publicado a la‎(s)‎ 1 ene. 2012 4:26 por Carlos A. Gonzalez G.   [ actualizado el 5 feb. 2012 16:09 ]
Carlos A. González G.

'Dinero' Magazine
Digital Edition, Opinion Section
Colombia, 20th March 2009

Opinion article

Original title: '¿Más vías para más automóviles? Definitivamente vamos mal'

Although it would not seem strange that still in full twenty first century an unaware citizen, nostalgic of “the American dream” of the fifties, would dare to mention the case of North-American cities such as Los Angeles and Detroit as examples to follow regarding the urban mobility, what does seem at least disconcerting is that it is in the specialised rooms of the local administration from where the promotion of these anachronistic mobility models is made. If the novelty now is that we are going to resolve the congestion problem building wide and “ultramodern” motorways, then there is no doubt, we are definitely on the wrong way.

The idea of copying a mobility model where by building or enlarging urban motorways it is possible to reduce congestion and therefore to improve the traffic since more road space is available for the automobiles, and if to this we add that as this case is about urban toll routes that allow to finance its construction so that it is not the state that has to spend public money but the drivers; it turns out at least praiseworthy with regard to the search for solutions.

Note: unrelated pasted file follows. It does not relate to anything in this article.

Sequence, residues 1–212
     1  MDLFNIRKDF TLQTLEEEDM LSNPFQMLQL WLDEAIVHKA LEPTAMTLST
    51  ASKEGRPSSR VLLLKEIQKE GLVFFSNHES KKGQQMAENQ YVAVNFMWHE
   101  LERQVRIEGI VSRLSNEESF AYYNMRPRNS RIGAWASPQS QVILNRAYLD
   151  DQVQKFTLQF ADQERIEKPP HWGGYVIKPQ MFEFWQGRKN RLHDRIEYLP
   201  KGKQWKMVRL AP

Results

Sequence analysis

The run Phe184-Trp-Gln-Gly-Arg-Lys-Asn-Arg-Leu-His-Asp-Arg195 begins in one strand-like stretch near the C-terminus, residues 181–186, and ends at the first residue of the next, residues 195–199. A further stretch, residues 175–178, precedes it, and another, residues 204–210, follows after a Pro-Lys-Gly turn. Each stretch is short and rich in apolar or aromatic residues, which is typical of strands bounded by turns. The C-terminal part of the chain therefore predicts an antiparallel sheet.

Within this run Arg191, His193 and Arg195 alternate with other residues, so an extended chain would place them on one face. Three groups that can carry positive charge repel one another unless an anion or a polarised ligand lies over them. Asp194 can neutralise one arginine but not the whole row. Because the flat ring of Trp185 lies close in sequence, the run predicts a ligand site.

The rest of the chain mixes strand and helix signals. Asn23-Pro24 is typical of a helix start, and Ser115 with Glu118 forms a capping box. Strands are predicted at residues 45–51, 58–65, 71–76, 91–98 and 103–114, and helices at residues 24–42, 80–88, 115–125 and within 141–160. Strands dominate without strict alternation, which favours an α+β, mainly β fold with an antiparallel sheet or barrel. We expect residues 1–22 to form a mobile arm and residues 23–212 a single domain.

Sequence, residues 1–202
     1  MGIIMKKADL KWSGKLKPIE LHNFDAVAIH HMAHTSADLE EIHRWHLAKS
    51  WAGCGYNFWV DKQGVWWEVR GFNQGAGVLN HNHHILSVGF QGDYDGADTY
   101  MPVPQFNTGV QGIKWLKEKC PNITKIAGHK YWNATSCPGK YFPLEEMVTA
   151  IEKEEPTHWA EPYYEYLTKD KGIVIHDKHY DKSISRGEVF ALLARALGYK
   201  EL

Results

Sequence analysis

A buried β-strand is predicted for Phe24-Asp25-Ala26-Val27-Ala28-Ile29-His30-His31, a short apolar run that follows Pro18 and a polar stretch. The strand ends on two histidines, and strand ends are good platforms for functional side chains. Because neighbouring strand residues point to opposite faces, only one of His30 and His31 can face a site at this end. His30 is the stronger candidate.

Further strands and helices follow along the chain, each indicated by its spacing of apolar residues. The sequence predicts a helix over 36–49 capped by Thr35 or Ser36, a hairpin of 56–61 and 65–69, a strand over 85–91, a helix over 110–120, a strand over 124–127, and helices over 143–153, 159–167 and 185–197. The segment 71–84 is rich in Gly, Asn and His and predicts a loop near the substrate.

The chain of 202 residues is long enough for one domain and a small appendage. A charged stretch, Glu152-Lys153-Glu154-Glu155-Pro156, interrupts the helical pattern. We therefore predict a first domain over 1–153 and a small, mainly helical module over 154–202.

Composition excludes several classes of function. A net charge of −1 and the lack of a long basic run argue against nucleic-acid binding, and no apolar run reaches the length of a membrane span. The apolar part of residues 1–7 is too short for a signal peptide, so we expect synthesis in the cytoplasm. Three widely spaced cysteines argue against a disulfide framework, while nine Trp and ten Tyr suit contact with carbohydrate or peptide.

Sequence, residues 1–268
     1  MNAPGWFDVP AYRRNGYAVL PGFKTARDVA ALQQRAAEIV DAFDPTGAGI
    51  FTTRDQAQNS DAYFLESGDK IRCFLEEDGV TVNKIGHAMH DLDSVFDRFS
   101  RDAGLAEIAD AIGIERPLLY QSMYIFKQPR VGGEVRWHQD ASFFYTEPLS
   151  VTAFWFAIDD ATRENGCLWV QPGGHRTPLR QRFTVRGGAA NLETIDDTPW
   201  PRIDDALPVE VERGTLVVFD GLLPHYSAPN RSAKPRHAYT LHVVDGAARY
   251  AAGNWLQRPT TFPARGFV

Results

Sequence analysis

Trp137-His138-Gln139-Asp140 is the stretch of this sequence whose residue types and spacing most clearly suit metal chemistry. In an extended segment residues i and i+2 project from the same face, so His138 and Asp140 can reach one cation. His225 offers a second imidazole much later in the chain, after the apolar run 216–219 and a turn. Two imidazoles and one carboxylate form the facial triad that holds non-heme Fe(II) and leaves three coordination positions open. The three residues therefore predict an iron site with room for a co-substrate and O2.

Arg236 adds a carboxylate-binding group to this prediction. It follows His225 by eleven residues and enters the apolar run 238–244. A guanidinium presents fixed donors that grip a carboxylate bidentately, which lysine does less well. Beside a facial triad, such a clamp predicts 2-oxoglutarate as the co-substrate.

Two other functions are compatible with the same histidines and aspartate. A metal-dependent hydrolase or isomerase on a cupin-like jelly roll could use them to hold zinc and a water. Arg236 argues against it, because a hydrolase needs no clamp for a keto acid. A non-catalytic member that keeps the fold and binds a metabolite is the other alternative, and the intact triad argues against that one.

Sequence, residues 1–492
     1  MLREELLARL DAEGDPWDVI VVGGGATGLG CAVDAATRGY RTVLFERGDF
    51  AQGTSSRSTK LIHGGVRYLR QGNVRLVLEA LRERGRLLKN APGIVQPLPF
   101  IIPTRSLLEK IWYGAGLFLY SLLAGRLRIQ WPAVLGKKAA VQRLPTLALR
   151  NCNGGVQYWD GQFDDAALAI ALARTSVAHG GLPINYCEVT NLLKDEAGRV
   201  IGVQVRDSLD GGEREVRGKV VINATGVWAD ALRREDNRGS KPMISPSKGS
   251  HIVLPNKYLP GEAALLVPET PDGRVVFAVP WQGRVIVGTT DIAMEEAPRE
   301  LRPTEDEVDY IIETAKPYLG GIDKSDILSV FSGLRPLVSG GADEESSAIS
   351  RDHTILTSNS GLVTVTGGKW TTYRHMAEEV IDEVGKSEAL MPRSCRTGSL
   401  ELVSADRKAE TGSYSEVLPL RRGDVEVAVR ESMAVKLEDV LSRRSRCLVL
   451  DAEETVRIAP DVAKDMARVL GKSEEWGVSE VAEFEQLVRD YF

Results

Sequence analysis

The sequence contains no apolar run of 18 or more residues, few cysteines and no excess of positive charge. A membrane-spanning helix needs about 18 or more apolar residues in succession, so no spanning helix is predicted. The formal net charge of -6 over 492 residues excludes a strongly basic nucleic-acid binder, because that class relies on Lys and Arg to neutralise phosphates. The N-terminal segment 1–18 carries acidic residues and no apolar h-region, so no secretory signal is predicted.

The problem is that the proposal is lacking technical fundamentals, since the mentioned logical formulation where the greater the space for vehicles, the lower the congestion, is not only false but many researches made over the last twenty years have shown the contrary: the more available routes, the more users are prepared to use the automobile, so that the congestion reappears shortly after that. So we have not found the goose that laid the golden egg, amongst other things because neither the geese lay golden eggs, nor such as in this kind of proposal, everything that shines is gold.

A few examples turn out sufficiently illustrative. The case of Los Angeles city, much quoted at international level as one of the big mistakes learnt, is of great interest because of the evident harmful consequences of the implementation of the North- American mobility model of the seventies, since years later the abundant empirical evidence allowed to establish that the increase of the supply (construction of new motorways and increase in the number of lanes in the existing ones) brings an increase of both the induced and the latent demand (users of other routes and potential new users of the automobile), so the new lanes end up congested again and therefore the investment distorted. On the Latin-American side, Mexico city in its advance towards the much yearned for North-American modernity, recently chose to build a second level for the west stretch of one of the ring road of the city “El Periférico Poniente”, with the aim of reducing the congestion and in that way increasing the average speed of the automobiles; a few years and hundreds of millions of dollars later, the congestion on the top and on the bottom lanes tends to be the same, but not so the pollution and the public debt of the city.